This situation is especially dangerous for the “All the President’s Men” and women, including Ivanka Trump, because Attorney General Jeff Session, having panicked over the Democratic and leftist media onslaught over Russia, precipitously recused himself. And, since early May, the FBI has been in the control of an Obama hold-over, Acting Director Andrew McCabe. Not coincidentally, McCabe’s wife ran as a Democrat for the Virginia State Senate against Republican Sen. Dick Black. Jill McCabe received $467,500 from Common Good VA, a political action committee controlled by Clinton ally Gov. Terry McAuliffe – whom I sued and deposed during the 1990s for illegal Clinton money laundering and other criminality. McCabe campaigned for his Democratic wife in Virginia. The FBI – for the time being, before a new FBI director, Christopher Wray, is finally confirmed takes the reins (and he appears to be a toothless establishment yes-man) – continues firmly to be in the hands of the Obama/Clinton/Democrat “Deep State.”
The bottom line is this: Its now clear that the Mueller investigation is not just conflicted, but deeply compromised. And even more importantly, Mueller, according to my client Dennis Montgomery, an NSA/CIA whistleblower, illegally surveilled Trump and others when he was director of the FBI. Mueller and his band of leftist legal hacks have to go.
The president should fire Mueller and not worry about appearances before it is too late and the nation becomes even more deeply embroiled in a maze of Democratic and leftist political machinations that harm the interests of We the People. President Trump was elected to do his job and clean out the swamp in Washington, D.C. He can start by getting rid of Mueller and his politicized staff and directing his timid and kowtowed attorney general to commence a grand jury criminal probe of Mueller as well as his good establishment friend Comey.
Larry Klayman is a former Justice Department prosecutor and the founder of Judicial Watch and Freedom Watch. His latest book is “Whores: Why and How I Came to Fight the Establishment.”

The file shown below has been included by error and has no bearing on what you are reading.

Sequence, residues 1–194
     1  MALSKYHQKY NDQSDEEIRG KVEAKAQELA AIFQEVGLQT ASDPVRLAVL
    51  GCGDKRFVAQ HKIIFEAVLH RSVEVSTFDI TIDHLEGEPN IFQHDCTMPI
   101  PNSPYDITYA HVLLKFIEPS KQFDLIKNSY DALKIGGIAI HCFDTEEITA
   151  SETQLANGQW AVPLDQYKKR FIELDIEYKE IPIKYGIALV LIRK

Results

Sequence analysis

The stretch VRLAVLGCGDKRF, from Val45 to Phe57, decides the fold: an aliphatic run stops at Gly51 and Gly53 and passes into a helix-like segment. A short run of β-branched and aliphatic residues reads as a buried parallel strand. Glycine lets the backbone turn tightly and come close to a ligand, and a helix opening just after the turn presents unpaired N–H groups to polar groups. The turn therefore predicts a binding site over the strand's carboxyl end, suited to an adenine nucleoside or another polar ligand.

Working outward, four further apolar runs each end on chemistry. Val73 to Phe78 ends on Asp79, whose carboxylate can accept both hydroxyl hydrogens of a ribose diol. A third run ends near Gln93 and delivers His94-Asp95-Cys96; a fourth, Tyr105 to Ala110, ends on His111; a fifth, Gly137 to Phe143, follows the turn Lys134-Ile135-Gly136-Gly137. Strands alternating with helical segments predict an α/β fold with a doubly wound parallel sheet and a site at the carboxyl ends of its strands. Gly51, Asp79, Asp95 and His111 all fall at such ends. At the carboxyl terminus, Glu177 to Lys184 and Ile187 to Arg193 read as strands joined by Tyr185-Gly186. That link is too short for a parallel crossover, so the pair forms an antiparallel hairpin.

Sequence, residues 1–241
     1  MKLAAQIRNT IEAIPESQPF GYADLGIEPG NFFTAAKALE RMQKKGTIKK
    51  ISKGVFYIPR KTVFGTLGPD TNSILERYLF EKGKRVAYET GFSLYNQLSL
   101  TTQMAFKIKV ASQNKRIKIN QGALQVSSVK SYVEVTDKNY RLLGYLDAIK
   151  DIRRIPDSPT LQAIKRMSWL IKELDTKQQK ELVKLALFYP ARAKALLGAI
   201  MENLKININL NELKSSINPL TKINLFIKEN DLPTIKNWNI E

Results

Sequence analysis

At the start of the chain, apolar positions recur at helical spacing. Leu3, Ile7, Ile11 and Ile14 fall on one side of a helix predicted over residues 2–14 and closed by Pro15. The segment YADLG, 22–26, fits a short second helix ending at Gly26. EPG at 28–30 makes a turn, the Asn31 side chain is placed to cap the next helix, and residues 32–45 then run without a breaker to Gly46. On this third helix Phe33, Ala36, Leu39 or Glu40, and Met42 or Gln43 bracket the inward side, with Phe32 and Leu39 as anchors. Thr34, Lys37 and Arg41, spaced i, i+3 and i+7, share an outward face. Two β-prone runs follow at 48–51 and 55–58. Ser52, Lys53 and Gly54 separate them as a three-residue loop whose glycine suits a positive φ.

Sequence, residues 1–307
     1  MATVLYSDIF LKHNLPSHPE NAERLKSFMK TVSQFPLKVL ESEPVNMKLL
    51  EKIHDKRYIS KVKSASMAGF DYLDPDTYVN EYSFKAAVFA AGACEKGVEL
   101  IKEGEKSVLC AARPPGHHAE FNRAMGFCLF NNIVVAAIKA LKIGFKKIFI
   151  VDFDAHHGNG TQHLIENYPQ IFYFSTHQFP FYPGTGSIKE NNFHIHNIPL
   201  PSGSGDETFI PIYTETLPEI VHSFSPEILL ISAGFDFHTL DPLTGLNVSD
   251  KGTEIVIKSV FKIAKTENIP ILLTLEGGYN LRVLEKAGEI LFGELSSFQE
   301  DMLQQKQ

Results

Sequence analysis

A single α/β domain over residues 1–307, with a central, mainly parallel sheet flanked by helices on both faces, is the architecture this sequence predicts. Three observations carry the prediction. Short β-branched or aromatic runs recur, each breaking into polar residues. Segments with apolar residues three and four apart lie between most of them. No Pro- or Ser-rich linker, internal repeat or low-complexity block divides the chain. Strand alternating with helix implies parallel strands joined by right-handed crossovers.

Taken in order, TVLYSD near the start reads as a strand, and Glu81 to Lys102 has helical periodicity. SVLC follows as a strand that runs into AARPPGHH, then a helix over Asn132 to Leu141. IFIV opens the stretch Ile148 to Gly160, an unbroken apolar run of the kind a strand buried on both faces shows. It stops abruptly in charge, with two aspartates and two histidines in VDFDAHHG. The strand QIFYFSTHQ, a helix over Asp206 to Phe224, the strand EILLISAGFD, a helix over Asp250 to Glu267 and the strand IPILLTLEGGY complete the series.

Here’s a rundown of Trump’s no-win options:
Undermine the investigation
The president’s attorneys say they’ve been cooperating with Mueller, preserving documents he’s requested out of both the White House and the 2016 campaign.
But it’s been an entirely different story in public.
Since early June, Trump and his surrogates have been engaged in an intense campaign to discredit Mueller. During a Fox interview last month, the president raised questions about the special counsel’s ”very bothersome” relationship with the ousted FBI Director James Comey, calling them “very very good friends” – a claim that sources close to both Comey and Mueller dispute — in an effort to establish a conflict of interest.
Speaking to the New York Times earlier this week in the Oval Office, Trump posited that Mueller wasn’t the right person to be investigating him because he’d interviewed for the FBI job as Comey’s replacement, arguing that it, too, compromised Mueller.
“There were many other conflicts that I haven’t said, but I will at some point,” Trump said.
The Washington Post on Thursday reported that Trump and his team are working to discredit Mueller’s expanding staff of veteran Justice Department attorneys and white-collar criminal experts, by highlighting potential conflicts and past political activity. On Friday, senior strategist Kellyanne Conway took issue with Democratic campaign contributions some of Mueller’s staff have made to Hillary Clinton and Barack Obama. ”It is relevant information for people to have,” she said on Fox & Friends.
Attacking Mueller may be a keen strategy for Trump to score political points with his base: Forty percent of Republican voters said in a recent Fox News poll they don’t have much confidence in Mueller.
Former federal prosecutor Peter Zeidenberg said that while it could help bolster support for Trump, it likely will not affect the outcome of the investigation.
“Mueller and his team I guarantee aren’t going to be the least bit swayed by anything Trump or Kellyanne Conway say about them,” Zeidenberg said. “It’s just background noise. It may not even be noise.”
The idea has been kicking around Washington for months: Trump, so dissatisfied with the notion of the Russia investigation, could keep replacing his Justice Department leadership if they don’t follow his order to get rid of the special counsel — much as President Richard Nixon did in the Saturday Night Massacre.
Trump this week sidestepped the idea in his New York Times interview. When asked directly if he’d consider firing Mueller, the president replied, “I can’t answer that question because I don’t think it’s going to happen.”